NEW YORK -- Shareholders of Dell today approved a proposal led by company founder Michael Dell to take the company private as it attempts to navigate a fast-changing technology market.
The proposal, worth about $25 billion, won an unspecified majority of votes from the holders of Dell stock, the company said in a statement.
The buyers consortium sweetened the deal in recent weeks in response to criticism from activist Carl Icahn and others, who had complained that their offer undervalued the company.
The deal comes against a backdrop of profound change in the technology sector with the rise of mobile technology and clears the way for Michael Dell and partner investment firm Silver Lake to transform the company away from the glare of public markets and the need to wow investors with great quarterly results.
"I am pleased with this outcome and am energized to continue building Dell into the industry's leading provider of scalable, end-to-end technology solutions," Michael Dell said.
Details of the Deal
Under the terms of the transaction, Dell shareholders will receive $13.75 in cash for each share of Dell common stock, plus a special cash dividend of 13 cents per share. The total transaction is valued at about $24.9 billion.
Dell shares at midday were up 1 cent (0.1%) at $13.86.
The buyers improved their offer in August, adding at least $350 million in exchange for a modification to the shareholder voting system so that only votes cast would be counted. Previously nonvoting shares would have been counted against the buyout.
Icahn on Monday continued to criticize the proposal as undervaluing the company, but signalled an end to his campaign to derail the merger in light of the change to the voting system.
The transaction comes amid a seismic shift in the technology sector with the rise of smart phones, tablets and other mobile devices at the expense of the once-mightly personal computer market.
Michael Dell created the company from his dorm room at the University of Texas and grew the Round Rock, Texas-based firm into a global heavyweight known for direct service to customers and cutting out the retail middle man.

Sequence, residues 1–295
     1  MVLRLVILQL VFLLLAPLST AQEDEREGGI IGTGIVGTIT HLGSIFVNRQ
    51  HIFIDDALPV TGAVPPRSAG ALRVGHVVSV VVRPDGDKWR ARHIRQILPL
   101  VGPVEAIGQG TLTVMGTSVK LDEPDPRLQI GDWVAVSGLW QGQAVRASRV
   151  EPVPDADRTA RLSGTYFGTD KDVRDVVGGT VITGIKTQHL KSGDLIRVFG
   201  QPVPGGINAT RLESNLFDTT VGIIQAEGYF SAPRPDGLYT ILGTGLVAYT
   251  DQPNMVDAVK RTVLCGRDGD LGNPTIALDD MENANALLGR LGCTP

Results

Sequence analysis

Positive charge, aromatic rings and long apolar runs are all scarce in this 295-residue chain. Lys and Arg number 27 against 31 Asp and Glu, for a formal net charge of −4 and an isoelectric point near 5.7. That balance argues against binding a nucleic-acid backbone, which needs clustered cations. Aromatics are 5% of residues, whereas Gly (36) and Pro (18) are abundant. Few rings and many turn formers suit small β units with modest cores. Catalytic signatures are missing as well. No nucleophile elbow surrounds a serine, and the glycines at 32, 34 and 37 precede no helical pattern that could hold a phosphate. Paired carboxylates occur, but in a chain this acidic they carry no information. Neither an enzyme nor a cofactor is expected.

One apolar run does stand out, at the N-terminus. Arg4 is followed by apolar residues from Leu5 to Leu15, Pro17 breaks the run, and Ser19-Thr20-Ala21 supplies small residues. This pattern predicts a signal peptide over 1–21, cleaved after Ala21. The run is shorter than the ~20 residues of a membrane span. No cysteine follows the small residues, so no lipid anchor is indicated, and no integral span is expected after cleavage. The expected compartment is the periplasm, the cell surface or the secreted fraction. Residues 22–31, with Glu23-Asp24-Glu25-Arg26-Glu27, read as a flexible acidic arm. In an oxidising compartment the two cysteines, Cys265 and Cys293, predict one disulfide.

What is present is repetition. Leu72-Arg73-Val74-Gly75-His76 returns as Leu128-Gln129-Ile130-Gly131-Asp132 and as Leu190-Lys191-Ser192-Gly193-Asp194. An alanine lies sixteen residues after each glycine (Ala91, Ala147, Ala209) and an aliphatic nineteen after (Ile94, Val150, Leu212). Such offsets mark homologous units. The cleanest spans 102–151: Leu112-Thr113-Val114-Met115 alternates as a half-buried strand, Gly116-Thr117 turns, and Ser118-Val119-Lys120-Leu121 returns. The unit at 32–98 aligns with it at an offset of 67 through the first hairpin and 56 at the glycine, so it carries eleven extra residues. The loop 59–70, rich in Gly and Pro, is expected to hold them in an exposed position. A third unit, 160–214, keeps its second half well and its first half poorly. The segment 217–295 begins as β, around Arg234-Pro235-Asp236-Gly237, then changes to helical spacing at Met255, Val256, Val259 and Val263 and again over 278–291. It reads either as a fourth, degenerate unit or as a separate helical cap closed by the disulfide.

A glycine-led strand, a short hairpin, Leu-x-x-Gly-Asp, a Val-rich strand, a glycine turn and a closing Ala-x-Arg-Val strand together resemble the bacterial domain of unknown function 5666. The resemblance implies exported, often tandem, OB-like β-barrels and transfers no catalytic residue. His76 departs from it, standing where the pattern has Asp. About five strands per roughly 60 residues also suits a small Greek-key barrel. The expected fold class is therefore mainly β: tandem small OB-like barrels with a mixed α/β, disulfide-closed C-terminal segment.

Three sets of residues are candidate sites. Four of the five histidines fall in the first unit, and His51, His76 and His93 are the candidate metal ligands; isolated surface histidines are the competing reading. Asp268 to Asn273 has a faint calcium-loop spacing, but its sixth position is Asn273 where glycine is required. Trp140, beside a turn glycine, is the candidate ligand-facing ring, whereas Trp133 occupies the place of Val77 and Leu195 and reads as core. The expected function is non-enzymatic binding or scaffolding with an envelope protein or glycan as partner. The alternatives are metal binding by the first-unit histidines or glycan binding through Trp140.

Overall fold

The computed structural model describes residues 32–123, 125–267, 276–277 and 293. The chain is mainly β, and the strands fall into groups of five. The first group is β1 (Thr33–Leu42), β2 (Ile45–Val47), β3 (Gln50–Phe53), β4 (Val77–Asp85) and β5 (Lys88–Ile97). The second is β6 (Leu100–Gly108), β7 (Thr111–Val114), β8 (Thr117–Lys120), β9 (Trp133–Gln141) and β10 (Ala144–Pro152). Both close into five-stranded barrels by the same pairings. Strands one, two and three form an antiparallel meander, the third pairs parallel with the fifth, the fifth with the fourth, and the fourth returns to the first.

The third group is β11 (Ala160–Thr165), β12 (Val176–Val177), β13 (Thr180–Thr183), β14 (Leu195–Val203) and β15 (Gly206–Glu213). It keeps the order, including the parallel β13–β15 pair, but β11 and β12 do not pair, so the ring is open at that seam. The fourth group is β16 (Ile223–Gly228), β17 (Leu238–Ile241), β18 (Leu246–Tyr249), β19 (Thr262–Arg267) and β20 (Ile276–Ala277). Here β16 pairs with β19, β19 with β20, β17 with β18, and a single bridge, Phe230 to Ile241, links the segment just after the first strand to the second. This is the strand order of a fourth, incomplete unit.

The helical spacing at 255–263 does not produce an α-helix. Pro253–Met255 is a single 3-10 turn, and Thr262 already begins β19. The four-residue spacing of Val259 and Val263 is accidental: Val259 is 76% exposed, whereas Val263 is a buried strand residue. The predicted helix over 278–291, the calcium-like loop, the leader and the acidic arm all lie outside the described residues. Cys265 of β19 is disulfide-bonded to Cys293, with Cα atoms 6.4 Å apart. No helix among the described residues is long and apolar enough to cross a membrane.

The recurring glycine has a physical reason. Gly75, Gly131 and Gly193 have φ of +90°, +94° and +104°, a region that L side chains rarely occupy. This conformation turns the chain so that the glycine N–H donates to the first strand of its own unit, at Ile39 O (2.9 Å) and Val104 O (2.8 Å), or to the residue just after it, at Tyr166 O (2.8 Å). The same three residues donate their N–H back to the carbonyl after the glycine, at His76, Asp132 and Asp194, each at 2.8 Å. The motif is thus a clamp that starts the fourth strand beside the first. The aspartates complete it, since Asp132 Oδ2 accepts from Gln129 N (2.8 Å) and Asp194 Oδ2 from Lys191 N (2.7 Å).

But Dell, once the world's biggest PC seller, has fallen behind rivals Lenovo and Hewlett-Packard and faces pressure because of slumping computer sales. A recent survey showed worldwide sales of personal computers dropped for a fifth consecutive quarter in the April-June period.
Those diminishing PC sales have led to seven straight quarters of declining profits. And the special committee established to consider Dell's strategic options gave a bleak outlook for the future of the PC market.
Analysts say Dell must implement some radical changes to bolster its presence in the software and services businesses to make up for declining PCs.
Dell's Post-Deal Plans
A Dell securities filing earlier this year said the post-deal Dell would aim to invest significantly in research and development to bolster information technology services in such areas as cloud solutions, software and managed security services.
The company also said it plans to hire additional sales personnel, compete aggressively in emerging countries and invest for growth in the PC and tablet industries.
Dell said it was necessary to become private because executing the changes "would require at least three to five years to reach fruition and would require additional investments that could weaken earnings for two or more years and increase pressure on the company's stock price."
"It's a very risky situation for Dell," said Roger Kay, analyst at Endpoint Technologies Associates.
Kay said Dell will have difficulty reshaping the company but that "they now have permission to shift the focus of the enterprise more rapidly."
Dell said it expects the merger to close before the end of its fiscal third quarter, which is at the end of October.
John Biers, AFP
Copyright Agence France-Presse, 2013